|February 17, 2014||No Comments|
Fireworks is not the most suitable application for defining such things as animations, CSS transforms and transitions, or non-Web-font families (or CSS styles in general, although Fireworks does export CSS code, if needed). These are a critical part of the experience but might be better defined with a prototype or the like.
(Some specifications of motion design are useful in a style guide — such as easing, timing, gradient, rotation, and scaling end points — but an interactive prototype would demonstrate these much better than a static image or document.)
All that being said, the size of the style guide should fit the project. If you’re making a simple app, you could probably keep it lean. If you’re working for a financial institution, then it might need to be substantially bigger and more prescriptive. The format and level of detail are up to you.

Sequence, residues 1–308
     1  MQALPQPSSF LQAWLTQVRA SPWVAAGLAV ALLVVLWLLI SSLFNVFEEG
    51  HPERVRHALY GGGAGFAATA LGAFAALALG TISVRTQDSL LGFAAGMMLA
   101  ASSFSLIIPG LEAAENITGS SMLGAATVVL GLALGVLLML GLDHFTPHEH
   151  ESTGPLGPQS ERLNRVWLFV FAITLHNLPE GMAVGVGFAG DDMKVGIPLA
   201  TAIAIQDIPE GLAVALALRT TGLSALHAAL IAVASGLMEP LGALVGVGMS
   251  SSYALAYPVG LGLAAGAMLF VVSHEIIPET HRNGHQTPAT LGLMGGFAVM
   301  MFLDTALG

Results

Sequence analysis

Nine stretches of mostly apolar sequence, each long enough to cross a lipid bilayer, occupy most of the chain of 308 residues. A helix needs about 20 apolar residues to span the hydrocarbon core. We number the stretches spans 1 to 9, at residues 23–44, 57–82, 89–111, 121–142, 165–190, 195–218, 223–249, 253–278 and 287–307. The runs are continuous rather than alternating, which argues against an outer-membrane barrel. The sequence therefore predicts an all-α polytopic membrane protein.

If you’re developing a mobile app, ensure that the design and development team is familiar with the human interface guidelines of the relevant device or platform. Apple, Google, Microsoft and others publish guidelines to ensure quality and consistency. The guidelines are geared to designers, but you might want to ensure that your team understands things like the minimum touch size for buttons (44 × 44 pixels for iOS, by the way) and the standards for typography and icons.
I try to keep everything on one page in Fireworks, because exporting slices is much easier if all elements are on the same page (more on that later). The alternative is going to each page, exporting an image, checking that I’ve put it in the right folder, and then cursing myself if I’ve accidentally saved it to the wrong spot.
Speaking of which, aren’t slices in Fireworks awesome? Without them, we’d have to do something like this:
Don’t see something you like, let us know and we will find it for you.